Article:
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The curious case of covid consternation

Julia Welstead looks at how our inner resources - with a little help from an effective therapist - can help us to overcome trauma, build resilience through difficult times and develop a positive mindset and zest for life.


When a young woman came to see me (in my capacity as an HG therapist) I listened with mounting awe as she explained what had led her to my door. Aged 16 she had been home alone when burglars broke in and began to load her family possessions into a van.  Quietly locking herself into an upstairs bathroom, she phoned the emergency services, explained the situation and gave location details. She was told to stay hidden until the police arrived, caught the looters and came to find her. 

When I applauded her for her amazing presence of mind, resourcefulness, courage and ultimate success (the criminals were caught), she responded with a blank stare and then a jaw drop, as a long overdue re-frame found its mark. Since the event, this young woman had suffered four years of anxiety, panic attacks, loss of confidence and the growing symptoms of PTSD, leading to her not attending school exams, thus not gaining entry to the university place for which she had been aiming, not leaving home and not progressing with her life plans. Now overweight and agoraphobic, she described the pain of physically aching for something to change.

I explained that we could change things right now and, with use of the rewind technique, helped her to view her 16 year old self being part of the event as if it were a movie, and she the star, whereupon she could see that the positive outcome was thanks to her actions. I suggested she file the movie among her childhood memories, such that she could move on from it, whilst carrying forward the knowledge that she has proved to be ‘good in a crisis’, well able to rise to unexpected challenges and use her initiative in difficult situations.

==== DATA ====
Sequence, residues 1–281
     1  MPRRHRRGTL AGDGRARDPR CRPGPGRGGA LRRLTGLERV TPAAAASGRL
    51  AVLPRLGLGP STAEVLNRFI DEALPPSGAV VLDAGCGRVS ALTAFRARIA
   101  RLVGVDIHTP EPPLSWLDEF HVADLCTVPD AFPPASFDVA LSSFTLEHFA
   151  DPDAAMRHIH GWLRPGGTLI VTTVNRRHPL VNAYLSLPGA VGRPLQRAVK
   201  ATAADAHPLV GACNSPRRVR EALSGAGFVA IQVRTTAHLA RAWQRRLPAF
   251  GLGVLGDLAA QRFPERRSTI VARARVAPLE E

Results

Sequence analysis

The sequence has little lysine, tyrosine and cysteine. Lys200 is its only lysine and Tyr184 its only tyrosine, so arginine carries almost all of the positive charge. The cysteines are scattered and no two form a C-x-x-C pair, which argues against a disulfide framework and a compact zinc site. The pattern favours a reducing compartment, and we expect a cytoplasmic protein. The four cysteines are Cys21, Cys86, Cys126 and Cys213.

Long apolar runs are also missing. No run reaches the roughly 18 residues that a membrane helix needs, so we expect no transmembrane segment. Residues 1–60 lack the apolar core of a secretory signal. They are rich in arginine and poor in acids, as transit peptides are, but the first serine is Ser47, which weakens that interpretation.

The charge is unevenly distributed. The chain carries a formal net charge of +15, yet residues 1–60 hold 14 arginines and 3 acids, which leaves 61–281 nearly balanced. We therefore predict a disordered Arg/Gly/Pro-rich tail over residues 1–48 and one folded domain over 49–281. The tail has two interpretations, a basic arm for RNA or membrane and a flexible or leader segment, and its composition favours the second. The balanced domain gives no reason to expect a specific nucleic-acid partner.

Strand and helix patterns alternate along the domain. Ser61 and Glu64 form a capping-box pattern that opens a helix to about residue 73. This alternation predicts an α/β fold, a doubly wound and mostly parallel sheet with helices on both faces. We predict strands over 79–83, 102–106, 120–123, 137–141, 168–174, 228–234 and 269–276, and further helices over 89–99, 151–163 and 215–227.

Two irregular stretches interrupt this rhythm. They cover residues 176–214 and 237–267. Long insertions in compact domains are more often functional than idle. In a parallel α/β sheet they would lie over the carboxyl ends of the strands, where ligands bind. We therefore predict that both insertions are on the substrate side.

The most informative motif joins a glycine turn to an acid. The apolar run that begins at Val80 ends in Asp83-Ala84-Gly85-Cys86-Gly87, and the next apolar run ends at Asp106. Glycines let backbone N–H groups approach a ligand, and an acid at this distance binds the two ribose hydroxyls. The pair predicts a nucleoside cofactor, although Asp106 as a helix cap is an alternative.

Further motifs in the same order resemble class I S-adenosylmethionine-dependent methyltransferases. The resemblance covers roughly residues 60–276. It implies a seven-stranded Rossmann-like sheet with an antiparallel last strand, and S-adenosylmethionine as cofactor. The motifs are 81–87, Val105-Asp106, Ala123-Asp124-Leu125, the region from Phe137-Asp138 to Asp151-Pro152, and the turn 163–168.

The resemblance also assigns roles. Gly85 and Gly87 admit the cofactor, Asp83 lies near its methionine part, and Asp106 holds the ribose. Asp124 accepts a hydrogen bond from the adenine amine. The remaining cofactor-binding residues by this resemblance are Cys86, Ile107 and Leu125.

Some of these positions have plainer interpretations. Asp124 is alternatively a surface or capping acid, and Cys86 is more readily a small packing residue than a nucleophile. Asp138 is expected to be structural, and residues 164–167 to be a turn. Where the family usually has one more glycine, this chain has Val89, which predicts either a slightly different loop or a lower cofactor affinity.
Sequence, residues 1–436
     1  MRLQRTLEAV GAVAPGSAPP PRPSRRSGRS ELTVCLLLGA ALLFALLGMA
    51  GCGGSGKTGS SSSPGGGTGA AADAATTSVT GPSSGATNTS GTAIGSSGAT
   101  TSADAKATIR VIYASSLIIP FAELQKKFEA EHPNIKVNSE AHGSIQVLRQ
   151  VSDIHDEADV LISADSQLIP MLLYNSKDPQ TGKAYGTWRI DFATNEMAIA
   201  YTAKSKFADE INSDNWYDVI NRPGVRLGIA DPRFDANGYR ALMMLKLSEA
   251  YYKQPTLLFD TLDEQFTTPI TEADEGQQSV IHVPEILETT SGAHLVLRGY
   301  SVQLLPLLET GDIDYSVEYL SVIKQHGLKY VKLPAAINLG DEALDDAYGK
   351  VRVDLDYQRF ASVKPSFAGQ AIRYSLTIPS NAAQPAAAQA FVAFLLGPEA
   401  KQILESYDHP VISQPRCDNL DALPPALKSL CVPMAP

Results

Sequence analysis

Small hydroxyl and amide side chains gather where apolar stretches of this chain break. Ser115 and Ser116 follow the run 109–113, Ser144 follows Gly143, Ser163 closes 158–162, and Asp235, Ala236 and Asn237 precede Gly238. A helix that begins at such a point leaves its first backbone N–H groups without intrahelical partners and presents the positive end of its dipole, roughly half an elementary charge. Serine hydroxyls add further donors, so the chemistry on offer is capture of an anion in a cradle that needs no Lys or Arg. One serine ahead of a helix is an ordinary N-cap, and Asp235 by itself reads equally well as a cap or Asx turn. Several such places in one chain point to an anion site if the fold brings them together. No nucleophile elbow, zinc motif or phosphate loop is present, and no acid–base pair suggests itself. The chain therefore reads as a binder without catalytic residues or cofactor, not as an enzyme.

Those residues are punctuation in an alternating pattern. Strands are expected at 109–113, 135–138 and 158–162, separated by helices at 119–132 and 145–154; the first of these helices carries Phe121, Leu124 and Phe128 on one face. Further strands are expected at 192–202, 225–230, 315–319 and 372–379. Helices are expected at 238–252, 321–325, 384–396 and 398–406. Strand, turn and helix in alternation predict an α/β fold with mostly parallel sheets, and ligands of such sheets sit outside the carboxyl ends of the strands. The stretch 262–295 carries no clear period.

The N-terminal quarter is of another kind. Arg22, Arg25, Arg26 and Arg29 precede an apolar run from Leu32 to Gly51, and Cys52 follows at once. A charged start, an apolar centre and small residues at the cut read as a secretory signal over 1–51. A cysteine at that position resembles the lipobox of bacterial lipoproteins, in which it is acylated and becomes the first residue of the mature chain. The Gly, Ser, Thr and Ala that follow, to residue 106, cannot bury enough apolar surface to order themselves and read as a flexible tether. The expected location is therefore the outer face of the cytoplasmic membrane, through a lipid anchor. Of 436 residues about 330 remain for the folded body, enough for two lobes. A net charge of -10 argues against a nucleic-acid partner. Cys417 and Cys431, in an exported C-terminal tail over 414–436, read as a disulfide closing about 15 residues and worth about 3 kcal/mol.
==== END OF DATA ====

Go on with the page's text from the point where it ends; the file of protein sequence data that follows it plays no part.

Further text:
One week later in walked a bolder woman, with fire in her eyes. Four years ago her family and doctors had offered sympathy, protection and medication, unwittingly consolidating her feelings of helplessness and embedding the idea that her trauma would cause her lifelong debilitation. Our rewind and reframe session had put her back at the helm of her life, energised and keen to make up for lost time.

I bring this story up now because I have a feeling we are doing our youngsters, and ourselves, a disservice by headlining predictions of a massive surge in mental illness as a result of our pandemic. I worry that we are all being fed – directly or through embedded suggestion – an edict to feel helpless and anxious in the face of this crisis.

“Nothing diminishes anxiety faster than action.”
Walter Anderson, writer & painter, New Orleans 1903-1965

The human brain is wired for action, alert to spotting dangers and ready to rise to challenges and overcome difficulties with the ever-present aim of staying alive and thriving. There is nothing more anxiety inducing than being told to stay put, do nothing and allow ‘experts’ to take charge of our lives, whilst being fed daily information about how bad things are and how much worse they might get. I’m not suggesting here that these should not be considered anxious times, or that we should play down our global crisis. I’m suggesting that we find ways to take on board what’s happening, be in control of our lives within that acceptance and, dare I say (in the face of endless media ‘doom and gloom’ hype) expect – and therefore aim for – a positive outcome.